I’ve been reading with some interest a debate that seems to have escalated out of all proportions between various marketers and developers within the games industry (one of whom is my lovely twin brother Stew). In an attempt to further exacerbate the situation I’m going to wade in with my two-penneth about, more generically, the relationship between marketers and developers. It’s one that can become frayed very easily, as the aforementioned debate has shown (although, all involved have managed to keep it friendly, which is nice to see on today’s internet!)
So just to recap on the story so far: this whole thing kicked off as a tweet which escalated into a blog post by Stew, who it seems was attempting to set the record straight. Such is the nature of the 140 character limit, he felt that the original point he was trying to make was being completely taken out of context.
Gamesbrief founder Nicholas Lovell then posted a rebuttal on his own site, picking Stew up on one of his key points, that “Where you have no marketing budget, the product is all you have, so it needs to be the right product for the platform and audience.”
Player three came in the form of “first person marketer” JP Sherman, Who also made a post on his own blog drawing on the previous two, disagreeing slightly with both on various points.
What I hope all three can eventually come to realise is that they all actually agree with each other, although probably don’t realise it. From my perspective, Stew’s post was a thinly veiled attack on bad marketers (in the guise of an attack on marketing generally), Lovell’s was an attempt to defend marketers (having taken Stews general comments to heart), and Sherman, although the most thorough and incisive read, had taken the argument to an extreme it probably was never supposed to get to. Gentlemen: If any of you ever find yourselves happening upon this post, please read the following statement:
Crap marketers are bad for your company, good marketers are good for your company.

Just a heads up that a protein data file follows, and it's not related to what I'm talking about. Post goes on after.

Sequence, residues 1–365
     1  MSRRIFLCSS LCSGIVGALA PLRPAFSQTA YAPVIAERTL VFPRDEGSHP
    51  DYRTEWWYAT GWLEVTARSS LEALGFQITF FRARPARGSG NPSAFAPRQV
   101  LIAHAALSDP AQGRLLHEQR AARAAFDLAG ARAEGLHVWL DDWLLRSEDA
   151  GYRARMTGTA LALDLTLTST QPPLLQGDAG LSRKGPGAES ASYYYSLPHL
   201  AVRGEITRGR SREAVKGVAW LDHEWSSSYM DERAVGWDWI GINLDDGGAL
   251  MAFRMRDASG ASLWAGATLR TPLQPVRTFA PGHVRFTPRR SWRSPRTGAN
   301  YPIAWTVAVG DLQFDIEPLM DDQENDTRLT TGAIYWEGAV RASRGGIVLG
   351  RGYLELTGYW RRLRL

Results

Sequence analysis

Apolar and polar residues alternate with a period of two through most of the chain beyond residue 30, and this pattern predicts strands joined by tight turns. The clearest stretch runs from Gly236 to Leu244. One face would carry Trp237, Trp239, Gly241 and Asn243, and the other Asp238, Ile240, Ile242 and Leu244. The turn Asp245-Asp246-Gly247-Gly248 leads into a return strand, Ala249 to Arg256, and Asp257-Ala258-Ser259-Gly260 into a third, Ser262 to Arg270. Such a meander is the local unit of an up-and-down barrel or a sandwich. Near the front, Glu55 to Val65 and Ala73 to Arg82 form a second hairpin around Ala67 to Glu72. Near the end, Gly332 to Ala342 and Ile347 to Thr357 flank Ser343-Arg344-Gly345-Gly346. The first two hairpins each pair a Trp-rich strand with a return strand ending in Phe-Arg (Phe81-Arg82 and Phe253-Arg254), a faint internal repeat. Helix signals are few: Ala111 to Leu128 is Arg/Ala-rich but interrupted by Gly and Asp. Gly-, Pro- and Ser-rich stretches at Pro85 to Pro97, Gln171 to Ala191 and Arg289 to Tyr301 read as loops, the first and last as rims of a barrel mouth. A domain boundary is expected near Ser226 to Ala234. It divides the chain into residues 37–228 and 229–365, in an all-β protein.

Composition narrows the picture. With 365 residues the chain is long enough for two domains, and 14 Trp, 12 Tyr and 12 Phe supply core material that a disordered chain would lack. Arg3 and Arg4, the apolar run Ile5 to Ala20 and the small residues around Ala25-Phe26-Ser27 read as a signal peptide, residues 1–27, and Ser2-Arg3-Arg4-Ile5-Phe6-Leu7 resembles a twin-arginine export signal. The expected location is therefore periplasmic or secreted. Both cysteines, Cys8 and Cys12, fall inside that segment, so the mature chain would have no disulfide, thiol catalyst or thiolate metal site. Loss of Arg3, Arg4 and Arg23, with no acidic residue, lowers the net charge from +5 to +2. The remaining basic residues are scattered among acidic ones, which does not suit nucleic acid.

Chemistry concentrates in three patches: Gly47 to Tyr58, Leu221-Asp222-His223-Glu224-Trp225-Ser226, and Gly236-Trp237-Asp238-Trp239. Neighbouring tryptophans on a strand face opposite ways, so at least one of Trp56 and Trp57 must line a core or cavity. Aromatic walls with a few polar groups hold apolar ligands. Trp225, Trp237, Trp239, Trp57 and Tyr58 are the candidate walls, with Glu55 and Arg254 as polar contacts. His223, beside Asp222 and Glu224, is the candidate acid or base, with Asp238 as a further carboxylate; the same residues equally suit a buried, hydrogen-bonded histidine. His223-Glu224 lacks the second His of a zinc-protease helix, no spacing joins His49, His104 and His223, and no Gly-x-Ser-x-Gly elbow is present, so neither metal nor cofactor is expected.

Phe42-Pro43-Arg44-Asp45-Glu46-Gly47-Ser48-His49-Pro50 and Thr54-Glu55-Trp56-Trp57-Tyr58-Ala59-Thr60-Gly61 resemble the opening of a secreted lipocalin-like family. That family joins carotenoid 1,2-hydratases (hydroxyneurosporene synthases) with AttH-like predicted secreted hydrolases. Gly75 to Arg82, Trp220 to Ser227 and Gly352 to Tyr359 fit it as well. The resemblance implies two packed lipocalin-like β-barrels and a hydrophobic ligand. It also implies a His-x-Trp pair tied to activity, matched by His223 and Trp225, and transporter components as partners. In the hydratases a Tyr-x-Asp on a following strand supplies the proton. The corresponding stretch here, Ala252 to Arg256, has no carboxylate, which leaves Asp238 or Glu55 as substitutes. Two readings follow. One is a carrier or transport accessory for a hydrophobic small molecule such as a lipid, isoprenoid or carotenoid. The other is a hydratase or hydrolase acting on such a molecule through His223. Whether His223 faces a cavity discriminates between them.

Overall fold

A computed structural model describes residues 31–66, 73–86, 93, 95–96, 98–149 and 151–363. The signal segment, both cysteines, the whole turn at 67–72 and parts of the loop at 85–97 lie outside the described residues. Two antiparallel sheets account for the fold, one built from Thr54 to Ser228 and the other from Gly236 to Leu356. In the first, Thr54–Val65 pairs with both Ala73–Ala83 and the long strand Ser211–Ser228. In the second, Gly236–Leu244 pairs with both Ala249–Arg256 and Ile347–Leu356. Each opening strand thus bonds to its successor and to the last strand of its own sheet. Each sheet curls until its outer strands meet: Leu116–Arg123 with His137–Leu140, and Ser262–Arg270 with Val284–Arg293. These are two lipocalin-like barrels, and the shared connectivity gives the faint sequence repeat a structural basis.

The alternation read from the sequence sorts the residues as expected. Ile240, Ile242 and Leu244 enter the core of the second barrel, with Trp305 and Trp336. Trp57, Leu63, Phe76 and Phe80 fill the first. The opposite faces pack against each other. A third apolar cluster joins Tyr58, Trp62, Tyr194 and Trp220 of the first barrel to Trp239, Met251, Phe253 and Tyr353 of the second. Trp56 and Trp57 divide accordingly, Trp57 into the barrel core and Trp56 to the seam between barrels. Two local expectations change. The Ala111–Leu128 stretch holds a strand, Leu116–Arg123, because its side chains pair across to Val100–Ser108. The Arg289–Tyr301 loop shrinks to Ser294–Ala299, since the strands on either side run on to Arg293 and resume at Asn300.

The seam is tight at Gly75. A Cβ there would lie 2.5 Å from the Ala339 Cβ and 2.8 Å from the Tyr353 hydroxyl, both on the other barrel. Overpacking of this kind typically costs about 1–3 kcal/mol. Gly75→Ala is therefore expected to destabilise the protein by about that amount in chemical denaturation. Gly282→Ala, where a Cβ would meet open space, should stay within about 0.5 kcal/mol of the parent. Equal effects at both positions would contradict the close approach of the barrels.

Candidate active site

That’s what you all think, right?
Unfortunately, marketing is something it’s possible to “wing”, because it’s possible to do it very badly with the basic skills you learn at primary school (reading, adding up…) and there is nothing more frustrating, particularly to a developer, than being exposed to a bad marketer with a loud voice and a hunch. These types are really dangerous to have in your organization; avoid at all costs.
All three articles tightrope along the idea of marketing being either a science or an art, with Lovell mostly leaning towards art and Sherman leaning towards science. Stew seems to be the guy at the bottom setting fire to the safety net. In practice, it’s Sherman’s argument that is the most convincing. Marketing, whilst requiring a modicum of creativity, is largely a science. In web development, we even have concepts such as multivariate and a/b testing which physically prove that very point.
I did some work with a large user experience firm a little while ago and was recounted the tale of an organization that they’d worked with prior to us. Extensive testing of various website layout configurations had been going on for many years, one of which had emerged as the clear winner in terms of conversions. The company involved was able to produce six images, each showing one of these layouts (the winner and five inferior designs).